A set-piece, in the last minute of a game, with Liverpool facing either a draw or defeat…and it goes short, not into the box. It is a situation that has flummoxed fans.
The Reds are in the midst of a frustrating run of results that has derailed their Premier League title defence approaching the halfway stage.
Without a victory in four games, Jurgen Klopp‘s side have drawn with West Brom, Newcastle and Man United and suffered a 1-0 defeat to Southampton, with Sunday’s 0-0 with United prompting a drop down the table.
United had already taken top spot with a 1-0 win over Burnley in midweek, but now three points for both Man City and Leicester have seen Liverpool drop from second to fourth.
To make matters worse, sixth-placed Everton have a game in hand and are only two points behind, while Tottenham are only a point off the champions ahead of their meeting on January 28 – albeit with the Reds to play Burnley next on Thursday night.
Liverpool have not been comprehensively beaten in any of their last four outings, not by any stretch, with two 0-0s, a 1-1 and a 1-0 evidence that fine margins are at play, and the lack of a finishing touch has been the clear problem throughout.
Therefore, it is glaring that in three of their four winless games, the Reds have been handed a big opportunity late on through a set-piece only to squander it by opting for a short delivery.
This was highlighted by Liverpool writer Josh Williams, who pointed out wasted situations – beyond the minimum amount of stoppage time – against West Brom, Southampton and United:
Strange development across three of Liverpool's past four winless games. Set-pieces gained in the 95th, 94th and 94th minute, all played short.
The ball failed to arrive in the penalty box before the final whistle was blown for two of them. pic.twitter.com/C8FRaNwMAb
— Josh Williams (@DistanceCovered) January 18, 2021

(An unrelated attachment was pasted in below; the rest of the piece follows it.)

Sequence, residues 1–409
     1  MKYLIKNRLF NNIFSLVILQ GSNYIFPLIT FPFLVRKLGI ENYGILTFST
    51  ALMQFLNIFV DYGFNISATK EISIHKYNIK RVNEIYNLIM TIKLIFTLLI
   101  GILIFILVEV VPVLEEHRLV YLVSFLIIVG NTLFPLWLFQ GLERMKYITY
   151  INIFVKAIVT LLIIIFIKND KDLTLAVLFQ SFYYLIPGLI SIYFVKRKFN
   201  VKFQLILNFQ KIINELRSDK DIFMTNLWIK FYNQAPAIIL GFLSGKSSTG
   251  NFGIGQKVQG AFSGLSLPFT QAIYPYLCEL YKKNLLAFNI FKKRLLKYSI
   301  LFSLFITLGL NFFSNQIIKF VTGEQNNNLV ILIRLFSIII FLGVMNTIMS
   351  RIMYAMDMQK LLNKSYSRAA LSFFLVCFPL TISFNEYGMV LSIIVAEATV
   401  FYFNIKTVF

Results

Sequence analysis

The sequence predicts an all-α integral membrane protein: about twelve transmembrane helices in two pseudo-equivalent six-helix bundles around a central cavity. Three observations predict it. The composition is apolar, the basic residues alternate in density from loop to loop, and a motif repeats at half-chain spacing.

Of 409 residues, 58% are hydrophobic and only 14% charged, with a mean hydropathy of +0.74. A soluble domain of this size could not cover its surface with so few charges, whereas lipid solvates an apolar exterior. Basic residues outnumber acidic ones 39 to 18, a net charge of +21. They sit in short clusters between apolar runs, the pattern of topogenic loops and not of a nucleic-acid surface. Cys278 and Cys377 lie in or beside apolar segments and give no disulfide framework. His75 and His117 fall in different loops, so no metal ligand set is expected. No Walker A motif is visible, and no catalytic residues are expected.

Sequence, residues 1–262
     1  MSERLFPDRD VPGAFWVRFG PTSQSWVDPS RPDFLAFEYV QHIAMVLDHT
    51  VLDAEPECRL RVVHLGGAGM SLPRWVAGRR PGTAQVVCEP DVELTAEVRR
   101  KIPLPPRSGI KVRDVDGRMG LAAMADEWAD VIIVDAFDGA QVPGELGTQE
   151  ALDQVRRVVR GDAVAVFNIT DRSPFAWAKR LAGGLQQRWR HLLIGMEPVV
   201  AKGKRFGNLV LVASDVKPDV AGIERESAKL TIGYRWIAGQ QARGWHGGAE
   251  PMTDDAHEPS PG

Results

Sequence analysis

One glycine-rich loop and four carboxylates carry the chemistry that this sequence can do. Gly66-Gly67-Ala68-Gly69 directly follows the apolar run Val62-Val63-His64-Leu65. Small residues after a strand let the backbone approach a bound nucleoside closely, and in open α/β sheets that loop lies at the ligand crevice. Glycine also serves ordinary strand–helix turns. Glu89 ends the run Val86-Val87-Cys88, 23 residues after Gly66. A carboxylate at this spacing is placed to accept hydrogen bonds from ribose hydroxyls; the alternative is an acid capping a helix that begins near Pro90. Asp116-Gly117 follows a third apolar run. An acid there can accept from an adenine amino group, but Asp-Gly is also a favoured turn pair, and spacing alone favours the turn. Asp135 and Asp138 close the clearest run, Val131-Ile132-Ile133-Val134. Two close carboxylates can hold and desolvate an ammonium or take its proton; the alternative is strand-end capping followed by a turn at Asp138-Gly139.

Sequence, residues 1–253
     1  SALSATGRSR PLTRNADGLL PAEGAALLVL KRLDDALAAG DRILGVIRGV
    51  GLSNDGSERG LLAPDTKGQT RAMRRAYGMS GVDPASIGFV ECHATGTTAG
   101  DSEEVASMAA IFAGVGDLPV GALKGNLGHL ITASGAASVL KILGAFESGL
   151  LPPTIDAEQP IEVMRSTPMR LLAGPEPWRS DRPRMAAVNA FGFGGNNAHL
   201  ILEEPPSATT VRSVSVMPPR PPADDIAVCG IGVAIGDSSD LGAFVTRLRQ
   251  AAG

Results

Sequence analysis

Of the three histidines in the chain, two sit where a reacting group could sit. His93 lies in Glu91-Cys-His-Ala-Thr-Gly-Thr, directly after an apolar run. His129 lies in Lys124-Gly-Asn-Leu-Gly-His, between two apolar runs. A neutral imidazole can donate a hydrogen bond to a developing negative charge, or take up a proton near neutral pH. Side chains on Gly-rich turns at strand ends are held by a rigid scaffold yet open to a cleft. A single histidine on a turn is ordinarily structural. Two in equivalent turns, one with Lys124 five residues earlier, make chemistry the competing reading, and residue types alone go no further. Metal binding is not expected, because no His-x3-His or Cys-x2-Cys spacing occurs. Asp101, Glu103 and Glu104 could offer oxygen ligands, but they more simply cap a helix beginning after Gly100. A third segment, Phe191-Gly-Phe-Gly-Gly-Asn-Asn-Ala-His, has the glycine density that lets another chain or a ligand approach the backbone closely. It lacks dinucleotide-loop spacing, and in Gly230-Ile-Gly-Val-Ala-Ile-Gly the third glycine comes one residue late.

Williams is not alone in sharing his frustration at this, with a host of supporters and journalists questioning the approach on Twitter after the game:
Just one other point I want to make. 3 times now Liverpool have had chances to pump balls into the box in the dying seconds of a game, 2 corners in previous games played short til the whistle went and tonight a free kick played sideways til the final whistle!
— Neil Fitzmaurice (@Fitzyfella) January 17, 2021
Third game running we play a last-second chance to get the ball into the box short. Players not thinking properly. But don't mind a point with two midfielders in the heart of the defence. Get Matip back, and look to build again.
— Paul Tomkins (@paul_tomkins) January 17, 2021
Someone needs a word about how we finish games
Short corners and short free kicks can fuck right off
— SimonBrundish (@SimonBrundish) January 17, 2021
Liverpool and their obsession with short corners will never cease to amaze me
— george shearer (@GeorgeSThomson) January 17, 2021
Liverpool are KILLING ME with short corners and these free kicks are the end of the game! Just get it in the bloody box ?
— Cerys ? (@Cerysboardxo) January 17, 2021
You should be booked for time wasting if you take a short set piece when in need of a goal during the dying minutes.
— Carl Anka (@Ankaman616) January 17, 2021
There is, of course, an obvious explanation for this, with Liverpool suffering from a lack of height in the absence of their regular centre-back options, namely Virgil van Dijk and Joel Matip.
It should be noted, though, that against both West Brom, the Reds had the six-foot-plus Fabinho, Jordan Henderson, Rhys Williams and Divock Origi on the pitch, while against United there were Fabinho, Henderson, Origi and Curtis Jones.
Furthermore, the delivery of Trent Alexander-Arnold, Andy Robertson and in particular Xherdan Shaqiri is arguably maximised from long range.
One corner from Shaqiri on Sunday, whipped onto the goalline, caused United a real problem that could have been exploited more often, as even with a supposed lack of height it is a gamble worth taking in stoppage time.
In the past, Klopp has praised his backroom staff, and assistant Peter Krawietz in particular, for their creativity in devising goals from set-pieces.
But now it appears as though a lack of invention, or perhaps simply common sense, has deprived Liverpool the prospect of late, late chances that could have turned a point into three, or zero into one.